Borrego Sun - Since 1949

Griff Lacey 

The Legion March


Last updated 10/30/2019 at 2:21pm

With the recent departure of the beloved San Diego Chargers NFL franchise, San Diegans who love American football are searching to fill that gritty, adrenaline loaded void. Some citizens have embraced SDSU's collegiate football program or the short-lived AAF San Diego Fleet. But for those yearning for more excitement to permanently fill that void, there is a wonderful solution already situated here in San Diego.

San Diego Legion Rugby Football Club is entering its third season within the professional league called Major League Rugby (MLR). Their home field is Torero Stadium at USD, in the Mission Valley region of San Diego.

American Football is actually the child of the older sport known as Rugby Football that is played and cherished globally. Rugby Football was created from Football or as we refer to it in North America, "Soccer."

Rugby started, according to legend, when an English schoolboy named William Webb Ellis, in 1823, picked up the ball during a soccer match and ran with it. He attended a school aptly named Rugby. Rugby School is a day and mostly boarding co-educational independent school in Rugby, Warwickshire, England. Founded in 1567 as a free grammar school for local boys, it is one of the oldest independent schools in Britain. In 1845, a committee of Rugby schoolboys wrote the "Laws of Football as Played At Rugby School", the first published set of laws for any code of football. The school embraced the sport still known as Rugby Football and created the laws, most of which still dictate how the game is played around the world today.

Walter Camp created American Football as a derivative from Rugby. The most significant change from rugby to football was the introduction of "blocking." The first U.S. intercollegiate American football game was played between Princeton and Rutgers in 1869.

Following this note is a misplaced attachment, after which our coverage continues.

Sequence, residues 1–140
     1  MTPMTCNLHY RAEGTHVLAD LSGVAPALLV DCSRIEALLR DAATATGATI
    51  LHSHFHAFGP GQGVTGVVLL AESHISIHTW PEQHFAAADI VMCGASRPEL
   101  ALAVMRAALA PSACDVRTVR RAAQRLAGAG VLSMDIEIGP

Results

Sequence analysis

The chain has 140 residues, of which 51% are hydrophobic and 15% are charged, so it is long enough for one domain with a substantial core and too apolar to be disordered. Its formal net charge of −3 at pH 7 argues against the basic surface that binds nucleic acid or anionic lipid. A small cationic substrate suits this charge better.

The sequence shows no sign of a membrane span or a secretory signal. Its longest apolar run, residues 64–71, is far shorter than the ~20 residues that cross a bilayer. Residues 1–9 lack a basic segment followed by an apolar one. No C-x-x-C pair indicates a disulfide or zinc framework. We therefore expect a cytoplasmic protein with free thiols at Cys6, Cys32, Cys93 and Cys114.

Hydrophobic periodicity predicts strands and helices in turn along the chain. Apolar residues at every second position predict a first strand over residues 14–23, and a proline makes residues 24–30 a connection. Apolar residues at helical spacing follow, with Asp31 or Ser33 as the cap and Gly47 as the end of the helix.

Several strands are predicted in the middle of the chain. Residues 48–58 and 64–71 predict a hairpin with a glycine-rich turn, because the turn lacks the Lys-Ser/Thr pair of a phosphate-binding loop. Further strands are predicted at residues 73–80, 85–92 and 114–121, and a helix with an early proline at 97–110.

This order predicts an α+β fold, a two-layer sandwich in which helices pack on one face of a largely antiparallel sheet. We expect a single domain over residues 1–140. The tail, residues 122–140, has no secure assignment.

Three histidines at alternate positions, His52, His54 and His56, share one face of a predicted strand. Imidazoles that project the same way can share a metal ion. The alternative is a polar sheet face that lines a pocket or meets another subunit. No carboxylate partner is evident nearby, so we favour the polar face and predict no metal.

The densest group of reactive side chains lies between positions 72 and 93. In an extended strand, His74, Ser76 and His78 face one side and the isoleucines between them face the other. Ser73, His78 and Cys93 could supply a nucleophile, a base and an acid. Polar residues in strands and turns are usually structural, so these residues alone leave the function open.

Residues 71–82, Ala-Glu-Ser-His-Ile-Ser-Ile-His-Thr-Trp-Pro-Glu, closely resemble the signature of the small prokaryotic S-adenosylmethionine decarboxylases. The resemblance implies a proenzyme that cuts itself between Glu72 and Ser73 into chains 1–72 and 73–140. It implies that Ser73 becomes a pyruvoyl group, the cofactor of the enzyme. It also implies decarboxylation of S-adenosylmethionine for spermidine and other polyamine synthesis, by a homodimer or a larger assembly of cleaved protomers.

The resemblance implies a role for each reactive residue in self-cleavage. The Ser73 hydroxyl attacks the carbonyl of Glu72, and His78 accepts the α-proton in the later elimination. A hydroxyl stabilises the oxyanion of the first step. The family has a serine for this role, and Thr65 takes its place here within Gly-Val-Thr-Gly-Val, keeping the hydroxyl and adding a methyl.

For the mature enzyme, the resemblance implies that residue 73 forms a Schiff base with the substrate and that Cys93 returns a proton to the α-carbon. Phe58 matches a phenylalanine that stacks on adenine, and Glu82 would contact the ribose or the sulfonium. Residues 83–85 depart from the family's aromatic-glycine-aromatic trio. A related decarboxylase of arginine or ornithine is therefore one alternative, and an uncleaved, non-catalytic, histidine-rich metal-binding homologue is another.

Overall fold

Despite the national mania for college and NFL Football, the United States is one of 101 countries that plays Rugby Football. Our men's national rugby team is currently ranked 12th in the world (Mexico is currently 44th and Canada 22nd) and this month will be playing in the 2019 Rugby World Cup (RWC) in Japan. (NBC Sports Network/NBCSports Gold) Our women's national Rugby team is ranked 5th in the world. Both the men's and women's USA Rugby teams are known as the USA Eagles.

Our San Diego Legion Club team has two players representing the USA at the RWC Rugby World Cup in Japan; Mikey Te'o and Nate Augspurger.

So why is Rugby a quality option to fill that Charger void? Two reasons: time spent and culture.

Time spent is easy, it takes roughly 3.5 hours (210 minutes) to play a 60-minute game in American Football. This is due to the fact that in football an average play is 6 – 8 seconds followed by a wasted interval of 35 seconds setting up the next play. In contrast, Rugby is an 80-minute contest completed in two hours. Rugby does not have a play clock because rugby is one huge free flowing continuous play under a 40-minute running clock, similar to soccer.

The culture is the largest difference between Rugby and other sports and is the most important attraction. Stacy Paetz, CBS Sports, wrote a wonderful article on the MLR website about her introduction to Rugby in the USA. It is a fascinating read, especially when you understand her background with covering mega-buck sports like the NBA.

"My first match in San Diego was beyond exciting. Not because I saw my first rugby hat-trick, or witnessed my first drop goal, or the fact that the home team came back to win in full time. No, what I took away was how the sport of rugby is more than a game – it's a culture. Integrity, passion, solidarity, discipline, and respect are the defining characteristics of rugby. This unique character of sport is maintained both on and off the field. It's not uncommon to see team captains and other prominent players working with young people on the pitch on game day. Yes, on game day. Your culture is not what you occasionally say, it's what you consistently do."

The San Diego Legion live that culture. You too can bring it into your lives via television or streaming and your consciousness via engaging your communities with rugby and spreading with the values we would all like to have embedded in our neighborhoods.

Borrego Days are upon us. I don't know the history of professional sports teams that have taken an interest in our Desert Festival but this year our new friends, the San Diego Legion, are going to march in our parade and display in Christmas Circle. Borrego locals and visitors can meet and talk to players who played in the "Superbowl" of rugby last season against Seattle. So not only are the San Diego Legion stars excited to get to know us, they are also very, very good!

In 2018 the squad had a record of 5 – 3 and made it to the league semi-finals.

In 2019 they were 12 – 3 with 1 draw; they lost in the championship.

In 2020 the MLR expands again to 12 teams in the USA and Canada. San Diego Legion look well-positioned to challenge for the "Shield" once again.

So when you bump into a large athlete during Borrego Days wearing red and black, don't be surprised when they shake your hand, look you in the eye, engage you in conversation and then refer to you as Sir or Ma'am. It's just part of the rugby culture.

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